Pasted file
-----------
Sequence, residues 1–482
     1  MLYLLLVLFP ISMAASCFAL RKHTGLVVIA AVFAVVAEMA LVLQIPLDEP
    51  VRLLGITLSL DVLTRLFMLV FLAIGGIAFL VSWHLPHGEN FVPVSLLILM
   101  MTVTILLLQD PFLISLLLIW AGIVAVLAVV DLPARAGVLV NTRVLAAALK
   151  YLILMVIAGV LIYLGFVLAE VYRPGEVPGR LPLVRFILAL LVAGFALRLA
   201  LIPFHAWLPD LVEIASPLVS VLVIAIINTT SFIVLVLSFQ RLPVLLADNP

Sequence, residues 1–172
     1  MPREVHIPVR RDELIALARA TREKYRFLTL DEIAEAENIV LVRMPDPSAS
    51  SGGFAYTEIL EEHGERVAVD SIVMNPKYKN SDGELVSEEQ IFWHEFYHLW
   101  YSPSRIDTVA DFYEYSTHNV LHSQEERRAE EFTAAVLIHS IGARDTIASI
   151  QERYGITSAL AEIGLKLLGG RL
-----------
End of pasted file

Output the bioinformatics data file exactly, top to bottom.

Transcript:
Sequence, residues 1–482
     1  MLYLLLVLFP ISMAASCFAL RKHTGLVVIA AVFAVVAEMA LVLQIPLDEP
    51  VRLLGITLSL DVLTRLFMLV FLAIGGIAFL VSWHLPHGEN FVPVSLLILM
   101  MTVTILLLQD PFLISLLLIW AGIVAVLAVV DLPARAGVLV NTRVLAAALK
   151  YLILMVIAGV LIYLGFVLAE VYRPGEVPGR LPLVRFILAL LVAGFALRLA
   201  LIPFHAWLPD LVEIASPLVS VLVIAIINTT SFIVLVLSFQ RLPVLLADNP

Sequence, residues 1–172
     1  MPREVHIPVR RDELIALARA TREKYRFLTL DEIAEAENIV LVRMPDPSAS
    51  SGGFAYTEIL EEHGERVAVD SIVMNPKYKN SDGELVSEEQ IFWHEFYHLW
   101  YSPSRIDTVA DFYEYSTHNV LHSQEERRAE EFTAAVLIHS IGARDTIASI
   151  QERYGITSAL AEIGLKLLGG RL